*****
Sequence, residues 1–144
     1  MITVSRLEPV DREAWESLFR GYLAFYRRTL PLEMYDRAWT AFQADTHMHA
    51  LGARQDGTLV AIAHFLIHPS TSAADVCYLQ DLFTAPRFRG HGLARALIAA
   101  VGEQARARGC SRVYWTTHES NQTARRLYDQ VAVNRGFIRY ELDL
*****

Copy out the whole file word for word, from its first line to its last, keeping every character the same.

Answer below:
Sequence, residues 1–144
     1  MITVSRLEPV DREAWESLFR GYLAFYRRTL PLEMYDRAWT AFQADTHMHA
    51  LGARQDGTLV AIAHFLIHPS TSAADVCYLQ DLFTAPRFRG HGLARALIAA
   101  VGEQARARGC SRVYWTTHES NQTARRLYDQ VAVNRGFIRY ELDL